Michelle Arrow, Upstaged: Australian Women Dramatists in the Limelight at Last (Strawberry Hills, NSW: Pluto and Currency, 2002)
The title of this scholarly, informative and entertaining book contains the ironic nub of the problem she addresses. The writers whose careers she illuminates have certainly been upstaged: as much by the nationalist creationism of the so-called new wave as by the 'usefulness' of so much of their own writing. But I wonder, can they really be said to be 'in the limelight at last' while the plays they wrote continue to receive so little actual production attention?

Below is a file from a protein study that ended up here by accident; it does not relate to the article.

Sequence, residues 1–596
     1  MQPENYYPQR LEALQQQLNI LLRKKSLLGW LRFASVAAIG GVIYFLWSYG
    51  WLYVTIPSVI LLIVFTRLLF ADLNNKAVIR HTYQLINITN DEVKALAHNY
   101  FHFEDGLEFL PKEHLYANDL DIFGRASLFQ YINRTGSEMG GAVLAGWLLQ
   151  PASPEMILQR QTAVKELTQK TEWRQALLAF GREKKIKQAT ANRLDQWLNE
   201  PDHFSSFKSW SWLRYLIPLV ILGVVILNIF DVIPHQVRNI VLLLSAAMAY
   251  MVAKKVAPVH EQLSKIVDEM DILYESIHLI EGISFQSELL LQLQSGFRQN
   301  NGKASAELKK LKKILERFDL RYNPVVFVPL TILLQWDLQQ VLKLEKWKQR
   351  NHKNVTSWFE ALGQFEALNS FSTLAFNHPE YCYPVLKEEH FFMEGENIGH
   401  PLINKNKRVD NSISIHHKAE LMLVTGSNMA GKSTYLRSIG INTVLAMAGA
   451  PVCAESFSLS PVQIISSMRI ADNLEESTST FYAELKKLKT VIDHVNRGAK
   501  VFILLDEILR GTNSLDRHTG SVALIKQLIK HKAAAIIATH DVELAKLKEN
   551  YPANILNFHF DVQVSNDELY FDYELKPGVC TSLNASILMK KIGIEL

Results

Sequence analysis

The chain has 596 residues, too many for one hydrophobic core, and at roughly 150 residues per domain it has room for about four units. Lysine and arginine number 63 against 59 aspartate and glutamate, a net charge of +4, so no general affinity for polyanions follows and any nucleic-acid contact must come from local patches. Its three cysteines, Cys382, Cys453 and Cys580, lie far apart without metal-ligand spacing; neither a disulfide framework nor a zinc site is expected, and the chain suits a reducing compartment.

The day I started reading Upstaged I received in the mail an invitation to a reading by Val Kirwan - the Diva of a theatrical movement I have long wanted to label 'Melbourne Surrealism'. The accompanying publicity material described Kirwan as the first woman playwright to have her work produced at La Mama and I was struck again by the fact that, in spite of her long history with that theatre - a production a year for at least seven years from the late seventies into the eighties -her influence on Melbourne performance traditions could be said to be as overshadowed by Jean-Pierre Mignon and Anthill in the hagiography of the eighties as Oriel Gray was eclipsed by the mordant masculinism of Ray Lawlcr's The Summer of the Seventeenth Doll in the historical legend of the beginning of Australian theatre in the fifties. Such an irony is only compounded by the fact that the production of "The Doll' that lifted that play onto the highest shelf in the brief canon of Australian dramatic literature was Mignon's post-modern production for Anthill. Kirwan's insouciant surrealism, her freewheeling, apparently improvisatory writing style and the drama and beauty of the theatrical image-making she managed in the tiny confines of La Mama had an impact on a generation of Melbourne theatre-makers far greater than her place in the historical and critical literature of the period would suggest, but at least her plays were produced, some of them even more than once.